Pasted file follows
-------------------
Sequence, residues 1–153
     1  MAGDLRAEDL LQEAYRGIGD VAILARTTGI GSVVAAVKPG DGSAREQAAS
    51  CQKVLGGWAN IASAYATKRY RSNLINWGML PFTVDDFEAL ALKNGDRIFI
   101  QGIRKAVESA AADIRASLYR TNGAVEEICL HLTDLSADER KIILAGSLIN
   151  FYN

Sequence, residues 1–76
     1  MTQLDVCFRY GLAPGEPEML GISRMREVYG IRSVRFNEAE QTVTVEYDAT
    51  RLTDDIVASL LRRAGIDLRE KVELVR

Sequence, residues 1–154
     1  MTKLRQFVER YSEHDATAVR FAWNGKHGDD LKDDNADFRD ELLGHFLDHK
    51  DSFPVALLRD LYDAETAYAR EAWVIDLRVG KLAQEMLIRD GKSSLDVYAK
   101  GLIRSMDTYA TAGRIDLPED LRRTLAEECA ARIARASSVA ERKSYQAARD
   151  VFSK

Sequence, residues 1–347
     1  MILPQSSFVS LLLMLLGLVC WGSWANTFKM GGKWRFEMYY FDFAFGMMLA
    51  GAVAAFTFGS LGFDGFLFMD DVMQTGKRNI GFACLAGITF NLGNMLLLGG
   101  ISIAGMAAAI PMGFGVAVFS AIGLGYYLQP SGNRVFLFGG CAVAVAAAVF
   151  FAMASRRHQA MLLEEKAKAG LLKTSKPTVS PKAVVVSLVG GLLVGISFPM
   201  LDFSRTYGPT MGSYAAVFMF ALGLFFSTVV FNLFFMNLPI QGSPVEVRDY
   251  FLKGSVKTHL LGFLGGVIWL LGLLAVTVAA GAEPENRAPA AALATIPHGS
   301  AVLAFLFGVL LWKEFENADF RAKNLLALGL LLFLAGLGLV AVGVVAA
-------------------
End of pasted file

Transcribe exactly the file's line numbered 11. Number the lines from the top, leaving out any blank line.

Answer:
    51  DSFPVALLRD LYDAETAYAR EAWVIDLRVG KLAQEMLIRD GKSSLDVYAK